Time and Tide – Edna O’Brien

The book is a story of Nell who throughout her life had to fight for herself. She gets married to escape her parents tight control. She tries to find her happiness by being a good wife and mother, but it doesn’t seem to work for her. Her husband is very possessive and controlling and abuses her both physically and psychologically. This finally pushes Nell to leave him, which in turn triggers a bitter fight for the children custody. Finally she wins and things seem to improve. Nell with her sons builds her own personal small stability.

She decides to send her sons to a boarding school, this allows her to discover freedom she never knew before. She works at a publishing house, gets drawn into bohemian world with parties, sex and occasional drugs. Nell makes use of this freedom, but at the same time I had the impression that she constantly craves something more, a bond and intimacy. Her relationship with her sons deteriorates, they get more and more distant and when she realizes that it is already too late. When tragedy strikes she struggles to reconnect, but the grief is overwhelming and isolating for everyone.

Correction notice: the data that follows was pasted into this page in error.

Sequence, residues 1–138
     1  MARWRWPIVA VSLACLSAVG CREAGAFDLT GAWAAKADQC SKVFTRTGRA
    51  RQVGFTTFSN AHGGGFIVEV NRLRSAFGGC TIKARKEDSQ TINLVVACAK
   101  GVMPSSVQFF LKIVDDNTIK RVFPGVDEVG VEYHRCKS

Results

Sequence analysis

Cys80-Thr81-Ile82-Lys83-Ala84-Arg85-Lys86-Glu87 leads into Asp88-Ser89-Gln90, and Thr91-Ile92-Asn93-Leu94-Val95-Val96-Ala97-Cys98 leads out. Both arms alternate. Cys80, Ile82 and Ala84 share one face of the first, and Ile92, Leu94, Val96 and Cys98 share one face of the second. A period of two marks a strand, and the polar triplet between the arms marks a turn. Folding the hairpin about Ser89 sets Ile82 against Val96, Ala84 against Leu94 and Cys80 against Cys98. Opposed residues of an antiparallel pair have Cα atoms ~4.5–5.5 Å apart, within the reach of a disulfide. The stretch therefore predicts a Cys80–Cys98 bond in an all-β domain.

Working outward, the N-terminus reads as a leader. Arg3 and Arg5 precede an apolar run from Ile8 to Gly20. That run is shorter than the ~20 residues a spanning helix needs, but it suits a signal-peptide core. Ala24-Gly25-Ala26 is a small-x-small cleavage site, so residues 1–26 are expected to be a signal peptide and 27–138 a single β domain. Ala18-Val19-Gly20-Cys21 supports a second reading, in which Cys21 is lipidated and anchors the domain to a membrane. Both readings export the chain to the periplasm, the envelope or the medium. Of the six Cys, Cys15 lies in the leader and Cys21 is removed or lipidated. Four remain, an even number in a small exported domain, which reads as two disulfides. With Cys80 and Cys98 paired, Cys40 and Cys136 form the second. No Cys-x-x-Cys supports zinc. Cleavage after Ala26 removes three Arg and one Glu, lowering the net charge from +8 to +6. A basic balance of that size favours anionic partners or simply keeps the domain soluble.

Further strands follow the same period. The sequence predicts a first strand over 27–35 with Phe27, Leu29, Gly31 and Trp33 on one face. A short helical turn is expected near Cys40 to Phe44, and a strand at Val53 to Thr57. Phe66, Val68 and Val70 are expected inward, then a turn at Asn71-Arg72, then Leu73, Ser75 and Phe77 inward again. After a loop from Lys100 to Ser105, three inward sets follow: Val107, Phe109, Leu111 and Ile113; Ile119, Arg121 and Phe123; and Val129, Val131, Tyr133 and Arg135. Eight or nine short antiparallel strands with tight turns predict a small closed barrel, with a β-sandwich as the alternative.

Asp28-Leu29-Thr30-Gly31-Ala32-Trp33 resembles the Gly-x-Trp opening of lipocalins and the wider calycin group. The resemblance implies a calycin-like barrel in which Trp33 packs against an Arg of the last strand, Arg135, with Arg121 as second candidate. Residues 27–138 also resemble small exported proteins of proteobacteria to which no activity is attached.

I sometimes struggled to understand the decisions Nell made, but in general her story is universal, a woman wanting to make her own decisions while being under pressure from all sides to behave ‘appropriately’. Sometimes she gives in to this pressure, other times she violently fights back, all the time trying to find balance between being herself, being a mother and being loved. I did not feel Nell was special in any way and maybe that was the intention, to make her easier to connect with, but for me it made me less engaged. It was not a bad book, but it didn’t move me in a way I would expect. Maybe I have to fight more of my own battles and make more mistakes to be able to sympathize with Nell more.

It is part of my reading Ireland month, here you can see other books on the list.

Photo by Violetta Kaszubowska @ vkphotospace

One thought on “Time and Tide – Edna O’Brien

  1. Pingback: November round-up – bookskeptic.com

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